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Skin and Mucous Membrane Contacts With Blood During Surgical Procedures: Risk and Prevention

Published online by Cambridge University Press:  02 January 2015

Jerome I. Tokars
Affiliation:
Hospital Infections Program, National Center for Infectious Diseases, Centers for Disease Control and Prevention, Atlanta, Georgia
David H. Culver
Affiliation:
Hospital Infections Program, National Center for Infectious Diseases, Centers for Disease Control and Prevention, Atlanta, Georgia
Meryl H. Mendelson
Affiliation:
Division of Infectious Diseases, Department of Medicine, Mount Sinai School of Medicine, New York, New York
Edward P. Sloan
Affiliation:
Department of Trauma, Cook County Hospital, University of Illinois College of Medicine, Chicago, Illinois
Bruce F. Farber
Affiliation:
Division of Infectious Diseases, Department of Medicine, North Shore University Hospital, Cornell University Medical College, Manhasset, New York
Denise J. Fligner
Affiliation:
Department of Emergency Medicine, Christ Hospital and Medical Center, Oak Lawn, Illinois
Mary E. Chamberland
Affiliation:
Hospital Infections Program, National Center for Infectious Diseases, Centers for Disease Control and Prevention, Atlanta, Georgia
Ruthanne Marcus
Affiliation:
Hospital Infections Program, National Center for Infectious Diseases, Centers for Disease Control and Prevention, Atlanta, Georgia
Penny S. McKibben
Affiliation:
Hospital Infections Program, National Center for Infectious Diseases, Centers for Disease Control and Prevention, Atlanta, Georgia
David M. Bell
Affiliation:
Hospital Infections Program, National Center for Infectious Diseases, Centers for Disease Control and Prevention, Atlanta, Georgia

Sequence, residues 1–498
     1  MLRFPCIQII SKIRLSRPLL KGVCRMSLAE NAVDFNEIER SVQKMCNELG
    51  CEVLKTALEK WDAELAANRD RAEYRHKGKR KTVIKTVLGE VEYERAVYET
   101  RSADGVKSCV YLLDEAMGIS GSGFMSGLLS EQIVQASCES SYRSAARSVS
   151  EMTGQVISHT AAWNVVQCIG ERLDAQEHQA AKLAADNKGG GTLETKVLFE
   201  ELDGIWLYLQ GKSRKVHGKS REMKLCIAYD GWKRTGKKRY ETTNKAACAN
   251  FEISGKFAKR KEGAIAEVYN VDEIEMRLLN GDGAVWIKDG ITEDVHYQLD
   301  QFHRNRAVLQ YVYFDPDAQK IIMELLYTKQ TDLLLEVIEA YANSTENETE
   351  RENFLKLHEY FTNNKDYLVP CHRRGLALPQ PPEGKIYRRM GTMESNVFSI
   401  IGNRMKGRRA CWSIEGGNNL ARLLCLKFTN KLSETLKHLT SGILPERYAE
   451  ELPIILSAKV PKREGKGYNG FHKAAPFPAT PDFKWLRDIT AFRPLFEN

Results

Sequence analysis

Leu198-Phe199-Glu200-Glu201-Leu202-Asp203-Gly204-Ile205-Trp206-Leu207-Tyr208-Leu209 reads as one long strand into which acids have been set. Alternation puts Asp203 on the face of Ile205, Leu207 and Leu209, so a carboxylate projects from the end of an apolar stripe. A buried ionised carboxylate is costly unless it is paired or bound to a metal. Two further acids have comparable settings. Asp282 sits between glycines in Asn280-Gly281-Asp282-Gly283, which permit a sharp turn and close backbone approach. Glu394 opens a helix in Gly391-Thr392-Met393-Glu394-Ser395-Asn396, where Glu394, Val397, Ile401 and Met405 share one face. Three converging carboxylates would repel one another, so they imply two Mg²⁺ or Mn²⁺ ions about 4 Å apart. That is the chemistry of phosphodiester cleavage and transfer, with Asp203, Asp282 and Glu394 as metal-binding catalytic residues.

Abstract

Objective:

To study the epidemiology and preventability of blood contact with skin and mucous membranes during surgical procedures.

Design:

Observers present at 1,382 surgical procedures recorded information about the procedure, the personnel present, and the contacts that occurred.

Setting:

Four US teaching hospitals during 1990.

Participants:

Operating room personnel in five surgical specialties.

Main Outcome Measures:

Numbers and circumstances of contact between the patient's blood (or other infective fluids) and surgical personnel's mucous membranes (mucous membrane contacts) or skin (skin contacts, excluding percutaneous injuries).

Results:

A total of 1,069 skin (including 620 hand, 258 body, and 172 face) and 32 mucous membrane (all affecting eyes) contacts were observed. Surgeons sustained most contacts (19% had ≥1 skin contact and 0.5% had ≥1 mucous membrane-eye contact). Hand contacts were 72% lower among surgeons who double gloved, and face contacts were prevented reliably by face shields. Mucous membrane-eye contacts were significantly less frequent in surgeons wearing eyeglasses and were absent in surgeons wearing goggles or face shields. Among surgeons, risk factors for skin contact depended on the area of contact: hand contacts were associated most closely with procedure duration (adjusted odds ratio [OR], 9.4; ≥4 versus <1 hour); body contacts (arms, legs, and torso) with estimated blood losses (adjusted OR, 8.4; ≥1,000 versus <100 mL); and face contacts, with orthopedic service (adjusted OR, 7.5 compared with general surgery).

Conclusion:

Skin and mucous membrane contacts are preventable by appropriate barrier precautions, yet occur commonly during surgery. Surgeons who perform procedures similar to those included in this study should strongly consider double gloving, changing gloves routinely during surgery, or both.

Type
Original Articles
Copyright
Copyright © The Society for Healthcare Epidemiology of America 1995

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